Startups vs. Corporations vs. Agencies: What's Best for You?

Startups vs. Corporations vs. Agencies: What's Best for You?

Whether you’re already working in tech or you’re looking to in the near future at some point you’ll have to decide where you want to work. Over the past few years I’ve had the opportunity to work in a variety of different companies and environments to see the pros and cons of each. So here’s list of my pros and cons between startups, corporations, and agencies.

Startups (Pros)


When you’re working at a startup resources are limited. When a problem needs to be addressed, the number of available people is simply lower than it is at larger companies. This is how I became a full-stack developer. I knew JavaScript and I could do front-end development. Resources were limited but our back-end was also written in JavaScript. When a lot of work needed to be done, I was pulled on to back-end work. The lines between roles are blurred so you’ll likely end up wearing multiple hats on the job. You may discover you like design more than code. Who knows?


At a startup, you’ll likely be working on something relatively new instead of an 8-year-old legacy application. The technical stack will likely reflect that meaning there will be far less context switching between the tools you prefer to use and those you use at your job. So if you’re using Git in your spare time as you learn React you won’t have to worry about switching over to Subversion and JavaScriptMVC during your day job.

Lack of bureaucracy

With smaller teams decisions don’t require the same level of consensus in a larger company. If you or members on your team want to start using a new tool or framework, only the team needs to be convinced rather than three levels of management.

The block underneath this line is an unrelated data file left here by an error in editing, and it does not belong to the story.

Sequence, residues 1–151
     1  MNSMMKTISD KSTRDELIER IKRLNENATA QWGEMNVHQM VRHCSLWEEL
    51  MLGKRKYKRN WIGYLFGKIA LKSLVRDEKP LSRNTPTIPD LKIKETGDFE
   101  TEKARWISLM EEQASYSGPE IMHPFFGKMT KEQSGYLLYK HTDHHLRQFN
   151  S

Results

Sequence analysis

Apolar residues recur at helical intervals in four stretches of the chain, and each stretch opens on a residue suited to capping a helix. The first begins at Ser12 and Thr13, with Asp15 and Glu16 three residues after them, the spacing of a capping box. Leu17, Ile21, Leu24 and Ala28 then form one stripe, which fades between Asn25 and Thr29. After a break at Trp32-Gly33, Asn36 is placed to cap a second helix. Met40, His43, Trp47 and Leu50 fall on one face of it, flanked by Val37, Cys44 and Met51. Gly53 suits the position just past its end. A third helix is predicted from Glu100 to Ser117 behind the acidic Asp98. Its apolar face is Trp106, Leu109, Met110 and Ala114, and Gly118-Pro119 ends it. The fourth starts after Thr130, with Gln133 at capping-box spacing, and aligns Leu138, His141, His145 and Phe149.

Startups (Cons)


The unwritten rule of startups is that you’re going to put in hours. The advantage of a startup is that you’re small so you can move fast. Expect them to leverage that. The downside is that you’ll be pulled in to “in-office team dinners” where keeping you in the office to work is the true goal.


This is probably the biggest downside to a startup. You take a hit on salary for all of the benefits of working at a startup. They’ll try to sell you on equity but don’t let this one factor account for your entire drop in salary. When I joined a startup I viewed the drop in salary as a form of compensation for all of the new skills I’d learn on the job. It’s all about how you frame the pay cut and whether it makes sense for you and your long-term goals.


Just because your CEO is a CEO doesn’t mean they know how to be one. In fact, it’s more than likely that your CEO is a first time CEO. Take that into account and ask leadership why they believe they’re cut out for the job.

Corporations (Pros)


Corporations have more wiggle room when it comes to straight up cash. So if money is your concern, this isn’t a bad option. If you know how to sell and you know how to sell yourself you can milk them for every dollar.

Name recognition

Along with a higher salary comes the name recognition that comes with the company. If the company is really well-known having them on your resume can convince some to skip the technical interview altogether. At the very least, you’ll have a good image tied to your name through the brand even if your actual work wasn’t that challenging.

Be mindful of the fact that some companies may only have a name for themselves within a certain geographical region. You may have worked at the best tech company in Denver but hiring managers out in California may not be as impressed.

Non-monetary benefits

Dry cleaning, food courts, bonuses, and coffee shops. You may not like being a part of a company with thousands of people but with it comes a lot of on campus amenities you may not get elsewhere.

Corporations (Cons)


Your first week will be spent verifying you have access to all team-related tools and software. You won’t do any actual work. Any time you need new software installed, be prepared to wait for your manager to approve it, their manager to approve it, and their manager’s manager to approve it. All of this so you can download and install Skype. You may not be in college anymore but syllabus week is real.